Human Lymph node (PD1, CD3, CD8, KI67)
Courtesy Corinne Thomas & Souâd Naimi–Molecular Histopathology & BioImaging, Sanofi
The immune system is the body’s most loyal defender, thwarting pathogens and other hazardous invaders, but it can also be a fierce enemy. Overzealous immune responses underlie a variety of diseases, including allergic conditions such as asthma and eczema, and autoimmune diseases like rheumatoid arthritis and lupus. The extraordinary complexity of the immune system makes these conditions challenging to understand and treat and are often difficult for patients to endure. But advanced scientific tools and technologies are lending unprecedented precision to this challenge—enabling researchers to deepen their knowledge about the multi-faceted nature of immune diseases and use those insights to design new and better treatments aimed at one or more molecular culprits underlying those conditions.
An ‘atomic-level’ view of the immune system
The immune system is a vastly complicated entity. Much of this complexity stems from the different types of immune cells, which interact with each other and with other cells and tissues of the body in distinct ways. Layer on top of that the biological variation that exists among different people and the task of finding the root causes of immune diseases becomes even more daunting.
To begin to unravel this complexity, Sanofi researchers are working to analyze disease biology at a more granular level than ever before. This includes methods for probing a person’s immune cells—one at a time—and scrutinizing the cells’ genomes or genetic makeup. For example, our scientists can read the activity levels of some 2,000 genes in a single immune cell and compare those readouts to other cells.
“This paints a completely novel picture of what a disease looks like in individual patients or groups of patients,” said Frank Nestle, MD, Sanofi’s head of research in immunology and inflammation.
This remarkable level of detail is turning up some important discoveries. First, different immune diseases may have similar molecular roots, so the biological signals that underlie one immune disorder could also be implicated in others.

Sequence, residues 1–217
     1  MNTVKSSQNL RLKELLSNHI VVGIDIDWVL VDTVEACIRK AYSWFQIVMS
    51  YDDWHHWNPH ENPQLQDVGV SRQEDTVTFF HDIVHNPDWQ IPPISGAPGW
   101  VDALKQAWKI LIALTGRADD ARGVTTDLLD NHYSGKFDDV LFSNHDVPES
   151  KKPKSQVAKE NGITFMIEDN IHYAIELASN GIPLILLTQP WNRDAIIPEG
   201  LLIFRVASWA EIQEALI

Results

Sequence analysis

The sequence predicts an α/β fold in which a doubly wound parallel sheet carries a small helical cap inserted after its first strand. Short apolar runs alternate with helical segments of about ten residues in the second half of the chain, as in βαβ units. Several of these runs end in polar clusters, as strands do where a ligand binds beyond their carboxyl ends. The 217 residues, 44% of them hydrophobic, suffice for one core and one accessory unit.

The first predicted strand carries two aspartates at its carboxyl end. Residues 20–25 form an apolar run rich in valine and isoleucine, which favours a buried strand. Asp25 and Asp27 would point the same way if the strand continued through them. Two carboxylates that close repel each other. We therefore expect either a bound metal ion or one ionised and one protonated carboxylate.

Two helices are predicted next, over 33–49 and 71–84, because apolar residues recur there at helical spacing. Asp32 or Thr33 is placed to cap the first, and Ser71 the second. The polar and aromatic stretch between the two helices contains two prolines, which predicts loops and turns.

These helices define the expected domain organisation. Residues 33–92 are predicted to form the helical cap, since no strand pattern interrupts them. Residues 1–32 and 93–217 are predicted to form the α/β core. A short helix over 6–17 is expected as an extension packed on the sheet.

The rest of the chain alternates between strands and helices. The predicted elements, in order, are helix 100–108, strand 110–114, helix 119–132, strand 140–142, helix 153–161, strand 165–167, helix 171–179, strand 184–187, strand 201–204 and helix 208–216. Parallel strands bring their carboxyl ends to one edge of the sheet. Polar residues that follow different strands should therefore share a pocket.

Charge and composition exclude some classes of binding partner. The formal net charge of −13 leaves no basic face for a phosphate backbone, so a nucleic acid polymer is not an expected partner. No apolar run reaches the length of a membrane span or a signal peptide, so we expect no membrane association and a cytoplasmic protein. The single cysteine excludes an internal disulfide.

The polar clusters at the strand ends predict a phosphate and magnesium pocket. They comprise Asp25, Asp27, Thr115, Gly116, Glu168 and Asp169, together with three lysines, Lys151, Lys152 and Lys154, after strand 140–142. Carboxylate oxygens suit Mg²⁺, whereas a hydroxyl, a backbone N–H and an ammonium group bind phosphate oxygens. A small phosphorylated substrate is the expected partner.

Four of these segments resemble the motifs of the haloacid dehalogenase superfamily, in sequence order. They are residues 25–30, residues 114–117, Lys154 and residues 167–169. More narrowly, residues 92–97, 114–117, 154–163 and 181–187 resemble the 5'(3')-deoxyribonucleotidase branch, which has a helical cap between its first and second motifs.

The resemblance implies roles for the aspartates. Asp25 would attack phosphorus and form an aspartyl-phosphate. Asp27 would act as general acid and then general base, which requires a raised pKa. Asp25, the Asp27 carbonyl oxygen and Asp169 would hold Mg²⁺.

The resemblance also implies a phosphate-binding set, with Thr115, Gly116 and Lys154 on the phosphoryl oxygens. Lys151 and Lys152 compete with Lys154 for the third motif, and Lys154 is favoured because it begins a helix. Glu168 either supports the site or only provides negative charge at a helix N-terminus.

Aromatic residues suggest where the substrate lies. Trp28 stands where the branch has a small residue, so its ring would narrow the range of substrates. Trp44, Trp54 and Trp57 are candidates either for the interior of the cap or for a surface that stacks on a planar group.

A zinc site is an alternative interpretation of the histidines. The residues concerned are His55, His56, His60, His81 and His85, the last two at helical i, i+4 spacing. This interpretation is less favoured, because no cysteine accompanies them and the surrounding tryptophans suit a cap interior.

“Different organs in the body, for example the skin, the lung, or the gut, can define how an immune disease manifests, but the biology underlying those different manifestations can be quite similar,” said Nestle.
This shared biology has important implications for drug development: for example, a drug developed to treat one type of condition could also provide therapeutic benefit for another disease.
Another key finding to emerge from this atomic view of the immune system is that, in many cases, immune conditions have more than one biological cause. In order to develop effective treatments, we are finding that multiple treatment strategies must be combined into a single molecule, representing a new class of therapies known as multi-specific drugs.
“If we want drugs that can effectively address the multifaceted nature of immune disease biology, then we’ll need the tools to engineer molecules that can interact with multiple targets,” said Nestle.
When one target is not enough
The vast majority of drugs in clinical use today are designed with the goal of interacting with a single molecule in the body, like an arrow hitting a bull’s-eye.
But now, we are pioneering ways to engineer drugs that can hit multiple bull’s-eyes at once, thanks to a confluence of groundbreaking technologies.
One technology platform that is making this molecular tour de force possible involves the creation of therapeutic proteins called antibodies. These are a mainstay of modern medicine, but typically recognize just one molecular target. Sanofi Chief Scientific Officer Gary Nabel and his colleagues have pioneered a method to engineer antibodies that can neutralize three targets at once. Such three-in-one (or “tri-specific”) antibodies offer a promising new approach to the treatment of complex immune diseases.
Another new technology is also making it possible to design multi-specific drugs. This one is centered around a novel class of proteins structurally similar to antibodies yet smaller in size and more stable (Nanobodies®). These naturally-occurring proteins can be synthesized rapidly and at large-scale. Moreover, they can be readily combined, like beads on a necklace, to create multi-specific therapeutics.
With the Nanobodies® platform, Sanofi is pursuing multi-specific therapeutics for a wide range of diseases, including immune and inflammatory conditions.
“We are seeing a correlation with immunology and inflammation across multiple diseases. We are learning that diseases such as multiple-sclerosis, type 2 diabetes, neurodegenerative diseases, depression and cardiovascular diseases can be inflammation related,” said Nestle.
While these technologies for creating multi-specific drugs offer important benefits from a therapeutic perspective, they also provide some advantages in terms of drug development, making it possible to accelerate the development of novel treatments.
“Our job is to be inspired and see what’s possible,” said Nestle.